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Qubes OS: A reasonably secure operating system
"Qubes takes an approach called security by compartmentalization, which allows you to compartmentalize the various parts of your digital life into securely isolated compartments called qubes.

This approach allows you to keep the different things you do on your computer securely separated from each other in isolated qubes so that one qube getting compromised won’t affect the others. For example, you might have one qube for visiting untrusted websites and a different qube for doing online banking. This way, if your untrusted browsing qube gets compromised by a malware-laden website, your online banking activities won’t be at risk. Similarly, if you’re concerned about malicious email attachments, Qubes can make it so that every attachment gets opened in its own single-use disposable qube. In this way, Qubes allows you to do everything on the same physical computer without having to worry about a single successful cyberattack taking down your entire digital life in one fell swoop.

Moreover, all of these isolated qubes are integrated into a single, usable system. Programs are isolated in their own separate qubes, but all windows are displayed in a single, unified desktop environment with unforgeable colored window borders so that you can easily identify windows from different security levels. Common attack vectors like network cards and USB controllers are isolated in their own hardware qubes while their functionality is preserved through secure networking, firewalls, and USB device management. Integrated file and clipboard copy and paste operations make it easy to work across various qubes without compromising security. The innovative Template system separates software installation from software use, allowing qubes to share a root filesystem without sacrificing security (and saving disk space, to boot). (...)"
privacy  security  opensource  linux  os  vm 
3 hours ago by eric.brechemier
Welcome to the neighbourhood. Have you read the terms of service?
"The whole point of a smart city is that everything that can be collected will be collected"
personaldata  privacy  consent 
3 hours ago by corrickwales
Share a secret - One Time
Halte sensible Informationen aus deinen Chat-Logs und E-Mails heraus. Teile einen Link, der nur einmal verfügbar ist.
privacy  security  tools  password 
4 hours ago by bitstarr
About Cookies
If your web site uses cookies, linking here can help you to comply with the UK's cookie law.
cookies  privacy  legal 
7 hours ago by activescott
My Life as a New York Times Reporter in the Shadow of the War on Terror
My Life as a New York Times Reporter in the Shadow of the War on Terror
I was sitting in the nearly empty restaurant of the Westin Hotel in Alexandria, Virginia, getting ready for a showdown with the federal government that I had been trying to avoid for more than seven years. The Obama administration was demanding that I reveal the confidential sources I had relied on for a chapter about a botched CIA operation in my 2006 book, “State of War.” I had also written about the CIA operation for the New York Times, but the paper’s editors had suppressed the story at the government’s request. It wasn’t the only time they had done so.
news  terrorism  nytimes  gov2.0  politics  legal  CIA  security  privacy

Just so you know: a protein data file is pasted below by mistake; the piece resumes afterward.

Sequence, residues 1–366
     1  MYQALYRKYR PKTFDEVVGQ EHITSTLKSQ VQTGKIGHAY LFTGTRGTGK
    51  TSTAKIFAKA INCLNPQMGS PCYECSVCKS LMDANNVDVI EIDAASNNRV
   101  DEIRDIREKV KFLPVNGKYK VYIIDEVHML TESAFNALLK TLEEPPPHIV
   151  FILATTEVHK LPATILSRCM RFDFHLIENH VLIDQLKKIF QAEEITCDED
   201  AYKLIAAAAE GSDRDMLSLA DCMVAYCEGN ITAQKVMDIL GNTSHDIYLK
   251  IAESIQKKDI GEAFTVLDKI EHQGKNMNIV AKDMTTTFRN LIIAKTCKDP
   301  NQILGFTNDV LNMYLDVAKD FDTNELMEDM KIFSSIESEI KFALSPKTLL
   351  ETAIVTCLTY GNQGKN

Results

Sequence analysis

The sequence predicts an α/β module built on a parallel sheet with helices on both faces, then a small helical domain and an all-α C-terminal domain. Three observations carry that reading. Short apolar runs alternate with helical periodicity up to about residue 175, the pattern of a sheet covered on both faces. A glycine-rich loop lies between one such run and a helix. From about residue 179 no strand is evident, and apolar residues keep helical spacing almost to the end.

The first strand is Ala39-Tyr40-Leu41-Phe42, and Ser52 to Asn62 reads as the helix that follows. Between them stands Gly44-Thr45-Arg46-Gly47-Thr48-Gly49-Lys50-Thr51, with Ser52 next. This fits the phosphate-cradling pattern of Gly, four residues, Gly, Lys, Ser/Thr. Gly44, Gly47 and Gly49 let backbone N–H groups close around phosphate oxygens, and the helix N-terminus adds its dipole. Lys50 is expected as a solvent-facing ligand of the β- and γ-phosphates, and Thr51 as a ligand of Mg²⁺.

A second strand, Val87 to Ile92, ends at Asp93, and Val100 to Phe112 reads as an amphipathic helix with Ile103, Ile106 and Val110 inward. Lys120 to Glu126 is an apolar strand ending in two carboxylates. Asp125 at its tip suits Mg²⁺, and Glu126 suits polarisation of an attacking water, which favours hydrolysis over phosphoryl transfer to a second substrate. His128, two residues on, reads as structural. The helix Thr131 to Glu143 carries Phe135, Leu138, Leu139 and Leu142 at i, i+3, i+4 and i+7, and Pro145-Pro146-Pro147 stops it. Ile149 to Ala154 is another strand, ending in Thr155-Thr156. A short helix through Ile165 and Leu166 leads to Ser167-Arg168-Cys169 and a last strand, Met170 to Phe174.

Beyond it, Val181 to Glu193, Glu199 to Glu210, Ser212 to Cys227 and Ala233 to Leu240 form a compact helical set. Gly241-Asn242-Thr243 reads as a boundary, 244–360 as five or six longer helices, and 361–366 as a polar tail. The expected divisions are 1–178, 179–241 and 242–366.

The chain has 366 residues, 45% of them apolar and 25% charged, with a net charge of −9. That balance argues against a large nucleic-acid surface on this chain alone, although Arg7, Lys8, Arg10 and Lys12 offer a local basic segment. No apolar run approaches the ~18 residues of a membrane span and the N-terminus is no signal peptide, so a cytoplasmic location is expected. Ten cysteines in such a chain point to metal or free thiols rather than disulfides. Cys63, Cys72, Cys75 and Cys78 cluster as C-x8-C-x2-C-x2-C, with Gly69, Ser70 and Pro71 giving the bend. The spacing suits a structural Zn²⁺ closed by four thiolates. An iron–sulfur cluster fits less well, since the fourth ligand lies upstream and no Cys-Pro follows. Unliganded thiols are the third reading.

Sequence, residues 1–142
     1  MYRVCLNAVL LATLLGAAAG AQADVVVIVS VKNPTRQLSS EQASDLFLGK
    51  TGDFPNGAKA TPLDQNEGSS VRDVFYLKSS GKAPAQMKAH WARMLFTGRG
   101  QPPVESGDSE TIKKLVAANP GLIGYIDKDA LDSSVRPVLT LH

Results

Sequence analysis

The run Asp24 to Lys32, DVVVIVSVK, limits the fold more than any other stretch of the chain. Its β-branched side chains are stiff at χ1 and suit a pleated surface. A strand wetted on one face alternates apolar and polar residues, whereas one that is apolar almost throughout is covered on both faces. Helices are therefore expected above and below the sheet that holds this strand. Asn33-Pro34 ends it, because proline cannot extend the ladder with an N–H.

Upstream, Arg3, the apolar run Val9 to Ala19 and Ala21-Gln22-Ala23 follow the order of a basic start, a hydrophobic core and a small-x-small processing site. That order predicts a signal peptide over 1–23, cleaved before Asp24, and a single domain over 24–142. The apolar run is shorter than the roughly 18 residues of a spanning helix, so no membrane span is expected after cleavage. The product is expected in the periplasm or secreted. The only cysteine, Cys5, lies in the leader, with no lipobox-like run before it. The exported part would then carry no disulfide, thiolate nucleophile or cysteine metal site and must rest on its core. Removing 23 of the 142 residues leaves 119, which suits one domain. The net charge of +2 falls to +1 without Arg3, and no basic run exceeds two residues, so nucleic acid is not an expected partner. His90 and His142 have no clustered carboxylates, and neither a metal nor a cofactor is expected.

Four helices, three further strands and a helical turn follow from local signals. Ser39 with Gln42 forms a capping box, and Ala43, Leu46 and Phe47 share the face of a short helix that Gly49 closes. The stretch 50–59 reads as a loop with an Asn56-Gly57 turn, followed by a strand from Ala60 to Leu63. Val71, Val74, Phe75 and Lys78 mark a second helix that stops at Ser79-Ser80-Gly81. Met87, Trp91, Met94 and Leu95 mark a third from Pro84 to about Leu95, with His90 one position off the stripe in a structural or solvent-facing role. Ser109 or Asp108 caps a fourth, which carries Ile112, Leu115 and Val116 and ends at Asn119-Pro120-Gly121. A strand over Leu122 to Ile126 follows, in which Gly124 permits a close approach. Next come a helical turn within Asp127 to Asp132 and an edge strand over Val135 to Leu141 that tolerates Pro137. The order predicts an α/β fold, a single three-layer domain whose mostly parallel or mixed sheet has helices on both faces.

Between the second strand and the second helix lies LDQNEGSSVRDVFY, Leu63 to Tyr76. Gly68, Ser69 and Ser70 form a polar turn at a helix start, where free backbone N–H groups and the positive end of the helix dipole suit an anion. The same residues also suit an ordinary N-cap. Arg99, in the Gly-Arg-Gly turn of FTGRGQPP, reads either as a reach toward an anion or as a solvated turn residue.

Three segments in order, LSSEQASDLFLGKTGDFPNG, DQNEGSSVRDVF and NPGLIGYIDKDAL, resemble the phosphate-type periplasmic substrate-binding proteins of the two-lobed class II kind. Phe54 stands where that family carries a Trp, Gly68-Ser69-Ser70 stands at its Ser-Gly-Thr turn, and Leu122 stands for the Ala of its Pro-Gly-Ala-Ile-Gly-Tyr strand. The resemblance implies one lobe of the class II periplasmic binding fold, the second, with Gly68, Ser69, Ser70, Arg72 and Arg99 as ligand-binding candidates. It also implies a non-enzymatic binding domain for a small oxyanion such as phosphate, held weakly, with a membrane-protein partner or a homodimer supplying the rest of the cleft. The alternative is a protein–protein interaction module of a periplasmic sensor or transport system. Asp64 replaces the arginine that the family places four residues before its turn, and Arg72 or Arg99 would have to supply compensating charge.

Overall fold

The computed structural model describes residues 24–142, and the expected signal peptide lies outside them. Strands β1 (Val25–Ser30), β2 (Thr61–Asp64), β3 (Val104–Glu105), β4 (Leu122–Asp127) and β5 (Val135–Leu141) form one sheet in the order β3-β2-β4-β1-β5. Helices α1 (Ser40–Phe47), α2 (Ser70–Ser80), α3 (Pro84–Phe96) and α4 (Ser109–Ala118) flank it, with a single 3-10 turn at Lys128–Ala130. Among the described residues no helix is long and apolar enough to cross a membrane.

12 hours ago by rgl7194
What’s behind the Intel design flaw forcing numerous patches? | Ars Technica
There's obviously a big problem, but we don't know exactly what.
Both Windows and Linux are receiving significant security updates that can, in the worst case, cause performance to drop by half, to defend against a problem that as yet hasn't been fully disclosed.
Patches to the Linux kernel have been trickling in over the past few weeks. Microsoft has been testing the Windows updates in the Insider program since November, and it is expected to put the alterations into mainstream Windows builds on Patch Tuesday next week. Microsoft's Azure has scheduled maintenance next week, and Amazon's AWS is scheduled for maintenance on Friday—presumably related.
Since the Linux patches first came to light, a clearer picture of what seems to be wrong has emerged. While Linux and Windows differ in many regards, the basic elements of how these two operating systems—and indeed, every other x86 operating system such as FreeBSD and macOS—handle system memory is the same, because these parts of the operating system are so tightly coupled to the capabilities of the processor.
browser  bug  cpu  javascript  linux  mac  meltdown_spectre  privacy  security  windows 
12 hours ago by rgl7194
'Meltdown' and 'Spectre' FAQ: What Mac and iOS users need to know about the Intel, AMD, and ARM flaw | iMore
A series of flaws have been discovered in Intel, AMD, and ARM chipsets that allow speculative references to be probed for privileged data.
"Meltdown" is a flaw currently believed to affect only Intel processors and "melts security boundaries which are normally enforced by the hardware". "Spectre" is a flaw that affects Intel, AMD, and ARM processors due to the way "speculative execution" is handled.
Both could theoretically be used to read information from a computer's memory, including private information like passwords, photos, messages, and more.
Apple has apparently already started patching Meltdown in macOS. Here's what you need to know.
browser  bug  cpu  javascript  linux  mac  meltdown_spectre  privacy  security  windows 
12 hours ago by rgl7194
Against an Increasingly User-Hostile Web -
We're quietly replacing an open web that connects and empowers with one that restricts and commoditizes people. We need to stop it.
computers  Internet  surveillance  privacy 
13 hours ago by tardigrader

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